In the wake of Grutter v. Bollinger, Michigan voters approved Proposal 2, a measure designed to prohibit the use of race in admission to state universities. It stood to reason that the Roberts Court would uphold this proposal, and so it did, in the recent Schuette v. BAMN. According to the plurality opinion, authored by Justice Kennedy, this case involved a fundamental right held "by all in common:" "the right to speak and debate and learn and then, as a matter of political will, to act through a lawful electoral process."
I wonder what he means by that. Assume that citizens of the state of Michigan return to the polls ten years from now and reverse Proposal 2. Assume, that is, that they continue todebate, learn, and act once again through a lawful process. What if the citizenry takes it further and in fact demands that state universities take race into account during their admissions processes? What would the plurality say then?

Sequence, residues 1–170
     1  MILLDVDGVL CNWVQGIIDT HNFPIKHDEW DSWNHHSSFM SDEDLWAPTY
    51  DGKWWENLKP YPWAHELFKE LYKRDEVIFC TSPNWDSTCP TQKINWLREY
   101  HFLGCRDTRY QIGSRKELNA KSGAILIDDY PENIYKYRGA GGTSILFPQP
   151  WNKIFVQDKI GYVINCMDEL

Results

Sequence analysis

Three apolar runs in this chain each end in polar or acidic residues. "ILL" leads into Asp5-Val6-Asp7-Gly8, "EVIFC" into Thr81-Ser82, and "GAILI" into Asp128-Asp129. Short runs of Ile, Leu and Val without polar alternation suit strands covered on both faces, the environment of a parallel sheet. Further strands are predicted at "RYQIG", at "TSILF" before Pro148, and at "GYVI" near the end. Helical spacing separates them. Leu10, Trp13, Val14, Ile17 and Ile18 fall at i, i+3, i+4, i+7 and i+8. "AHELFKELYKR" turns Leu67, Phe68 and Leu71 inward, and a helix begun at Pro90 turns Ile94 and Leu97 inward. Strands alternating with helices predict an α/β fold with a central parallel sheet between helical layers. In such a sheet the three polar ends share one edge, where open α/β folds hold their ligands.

This is when our bizarre constitutional world kicks in. Opponents of race conscious policies can eliminate these policies through the political process and the Court stands aside. Were supporters of these policies able to overturn this outcome through the same political process, the Court will be ready to stand in their way, in the name of constitutional justice.
This is a perverse constitutional world. If this is what the 14th Amendment demands in fact, it must be time to give the Amendment back.
How does anyone committed to an originalist jurisprudence make sense of this?
Better question: is there anybody left in the world who believes that our race jurisprudence is guided by law and not ideology and the justices' personal preferences?